CHICOPEE, Mass. (WWLP) – It’s been a week since that deadly wrong way crash in Connecticut which took the life of Connecticut State Representative Quintin Williams. On Thursday Mass State Police reporting another wrong way crash, this time on the Mass Pike in Blandford. So far no reports of this accident being deadly, but wrong way crashes have become a growing problem in our area.

A 39-year-old woman from New York was taken into custody on charges of driving under the influence after her car crashed into a truck while she was driving eastbound on the westbound side of the Mass Pike in Blandford late Wednesday afternoon.

“You never know what’s going to happen. Things can happen so quickly when you are driving. You have to be alert because you don’t know what the other guy is doing or thinking, or what state of mind they are in,” expressed West Springfield resident Maria Schwartz.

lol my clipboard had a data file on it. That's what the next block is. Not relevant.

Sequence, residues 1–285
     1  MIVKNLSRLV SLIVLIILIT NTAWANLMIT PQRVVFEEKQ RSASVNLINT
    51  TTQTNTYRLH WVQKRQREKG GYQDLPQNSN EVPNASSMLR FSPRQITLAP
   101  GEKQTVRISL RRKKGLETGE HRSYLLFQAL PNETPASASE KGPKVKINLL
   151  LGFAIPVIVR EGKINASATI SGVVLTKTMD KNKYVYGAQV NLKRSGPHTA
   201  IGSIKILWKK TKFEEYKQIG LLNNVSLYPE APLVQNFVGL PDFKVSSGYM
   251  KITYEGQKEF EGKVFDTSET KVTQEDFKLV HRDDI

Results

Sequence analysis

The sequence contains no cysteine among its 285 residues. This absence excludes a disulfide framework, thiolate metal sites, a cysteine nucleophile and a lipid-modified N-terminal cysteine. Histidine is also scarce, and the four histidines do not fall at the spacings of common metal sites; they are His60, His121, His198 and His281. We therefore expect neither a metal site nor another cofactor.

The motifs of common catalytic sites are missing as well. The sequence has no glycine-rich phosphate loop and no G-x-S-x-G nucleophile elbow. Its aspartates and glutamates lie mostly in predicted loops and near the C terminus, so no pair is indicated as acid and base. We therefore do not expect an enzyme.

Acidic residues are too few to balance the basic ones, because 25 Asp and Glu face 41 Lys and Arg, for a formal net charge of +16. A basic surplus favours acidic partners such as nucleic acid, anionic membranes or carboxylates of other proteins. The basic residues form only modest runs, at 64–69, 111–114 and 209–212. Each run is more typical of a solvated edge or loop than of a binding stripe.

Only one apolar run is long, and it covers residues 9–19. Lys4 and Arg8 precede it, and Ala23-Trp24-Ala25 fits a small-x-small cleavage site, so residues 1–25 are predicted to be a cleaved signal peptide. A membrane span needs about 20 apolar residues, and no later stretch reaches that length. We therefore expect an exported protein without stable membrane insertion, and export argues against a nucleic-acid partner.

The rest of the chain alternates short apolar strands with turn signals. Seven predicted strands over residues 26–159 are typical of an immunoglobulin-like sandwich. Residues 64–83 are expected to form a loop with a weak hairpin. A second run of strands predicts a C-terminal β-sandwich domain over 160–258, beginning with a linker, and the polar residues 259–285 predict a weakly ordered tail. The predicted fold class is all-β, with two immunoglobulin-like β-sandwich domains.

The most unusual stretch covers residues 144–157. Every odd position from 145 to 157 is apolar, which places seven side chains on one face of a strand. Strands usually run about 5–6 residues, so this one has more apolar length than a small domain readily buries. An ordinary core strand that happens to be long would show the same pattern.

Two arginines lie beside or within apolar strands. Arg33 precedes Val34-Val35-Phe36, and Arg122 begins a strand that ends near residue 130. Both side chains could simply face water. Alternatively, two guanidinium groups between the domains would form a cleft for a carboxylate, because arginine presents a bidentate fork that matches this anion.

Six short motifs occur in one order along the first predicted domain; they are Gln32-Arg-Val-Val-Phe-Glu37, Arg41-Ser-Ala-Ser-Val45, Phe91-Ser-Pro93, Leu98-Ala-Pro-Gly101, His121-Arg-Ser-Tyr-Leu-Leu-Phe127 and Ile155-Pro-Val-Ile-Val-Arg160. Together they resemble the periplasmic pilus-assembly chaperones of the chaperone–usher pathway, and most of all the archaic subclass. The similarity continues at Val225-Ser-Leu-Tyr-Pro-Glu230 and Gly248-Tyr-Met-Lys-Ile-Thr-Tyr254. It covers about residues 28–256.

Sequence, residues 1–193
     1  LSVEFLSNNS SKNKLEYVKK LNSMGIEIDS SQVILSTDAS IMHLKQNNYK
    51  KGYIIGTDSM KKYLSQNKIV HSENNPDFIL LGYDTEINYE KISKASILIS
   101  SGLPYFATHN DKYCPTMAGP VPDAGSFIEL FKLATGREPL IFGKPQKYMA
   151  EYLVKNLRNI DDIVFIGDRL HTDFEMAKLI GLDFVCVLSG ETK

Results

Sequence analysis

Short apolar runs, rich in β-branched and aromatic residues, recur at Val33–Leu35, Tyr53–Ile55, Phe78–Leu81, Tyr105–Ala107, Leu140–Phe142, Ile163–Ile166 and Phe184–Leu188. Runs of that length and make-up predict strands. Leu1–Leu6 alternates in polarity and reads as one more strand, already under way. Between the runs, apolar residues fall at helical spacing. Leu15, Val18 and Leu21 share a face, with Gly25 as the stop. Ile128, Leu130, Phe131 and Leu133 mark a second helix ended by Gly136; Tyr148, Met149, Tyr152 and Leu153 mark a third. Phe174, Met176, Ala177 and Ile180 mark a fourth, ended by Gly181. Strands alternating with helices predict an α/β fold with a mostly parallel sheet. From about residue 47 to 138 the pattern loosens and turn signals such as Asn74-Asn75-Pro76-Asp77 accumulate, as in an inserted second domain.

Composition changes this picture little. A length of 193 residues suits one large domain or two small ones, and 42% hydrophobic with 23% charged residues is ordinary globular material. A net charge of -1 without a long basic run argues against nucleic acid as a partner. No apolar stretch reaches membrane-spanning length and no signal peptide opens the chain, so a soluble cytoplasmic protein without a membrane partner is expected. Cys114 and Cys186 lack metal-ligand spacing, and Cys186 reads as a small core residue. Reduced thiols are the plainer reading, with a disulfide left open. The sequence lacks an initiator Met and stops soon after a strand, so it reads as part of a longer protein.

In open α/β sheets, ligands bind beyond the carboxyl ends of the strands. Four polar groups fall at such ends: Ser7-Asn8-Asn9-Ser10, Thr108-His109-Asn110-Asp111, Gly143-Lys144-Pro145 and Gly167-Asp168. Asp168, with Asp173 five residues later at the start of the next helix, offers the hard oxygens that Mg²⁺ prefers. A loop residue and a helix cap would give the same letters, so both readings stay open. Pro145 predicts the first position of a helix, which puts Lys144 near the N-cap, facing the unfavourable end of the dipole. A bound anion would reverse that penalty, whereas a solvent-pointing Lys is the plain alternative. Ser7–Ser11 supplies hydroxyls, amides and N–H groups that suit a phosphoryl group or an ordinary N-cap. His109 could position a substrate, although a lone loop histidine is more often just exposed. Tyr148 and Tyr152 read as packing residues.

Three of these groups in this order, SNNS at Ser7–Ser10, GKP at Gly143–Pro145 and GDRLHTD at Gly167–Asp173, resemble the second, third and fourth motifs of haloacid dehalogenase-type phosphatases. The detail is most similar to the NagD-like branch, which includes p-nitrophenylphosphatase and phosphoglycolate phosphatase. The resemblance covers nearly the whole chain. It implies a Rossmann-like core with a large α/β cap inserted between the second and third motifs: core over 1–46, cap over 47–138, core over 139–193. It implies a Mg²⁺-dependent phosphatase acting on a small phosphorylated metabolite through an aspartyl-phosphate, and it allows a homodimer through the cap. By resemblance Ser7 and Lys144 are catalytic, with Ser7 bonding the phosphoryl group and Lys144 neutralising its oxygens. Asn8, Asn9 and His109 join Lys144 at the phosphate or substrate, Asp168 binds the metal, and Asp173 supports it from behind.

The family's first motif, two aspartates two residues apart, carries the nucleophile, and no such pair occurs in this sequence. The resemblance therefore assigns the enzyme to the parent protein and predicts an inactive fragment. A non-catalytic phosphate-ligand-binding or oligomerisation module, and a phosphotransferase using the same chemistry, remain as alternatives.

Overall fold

The driver was sent to the hospital along with two juvenile passengers, one of them with serious injuries. This incident adding to an alarming number of wrong-way crashes happening across the country and right here in New England.

According to AAA, alcohol consumption, older age, and driving without a passenger increases the risk of wrong way crashes. AAA data indicated that six in ten wrong-way crashes involved an alcohol-impaired driver. Also that drivers over the age of 70 are more at risk of wrong-way driving than younger drivers. Nearly 87% of wrong-way drivers did not have a passenger with them.

“I couldn’t believe what I was seeing,” said Schwartz, who once saw a wrong-way driver on the Mass Pike coming towards her and her husband. She was thankful to be with him when it occurred. “Absolutely panicked, luckily I am observant and noticed it and told my husband, ‘hey, I think they are in the wrong lane!’ and we moved over. You just have to keep an eye on the people around you because you never know.”

AAA says that top safety improvements that can these prevent crashes include an alcohol ignition interlock device to stop drunk driving as well as states installing more-visible traffic signs and signals.

From 2014 to 2018 there was a 34% increase of wrong-way crash deaths nationwide.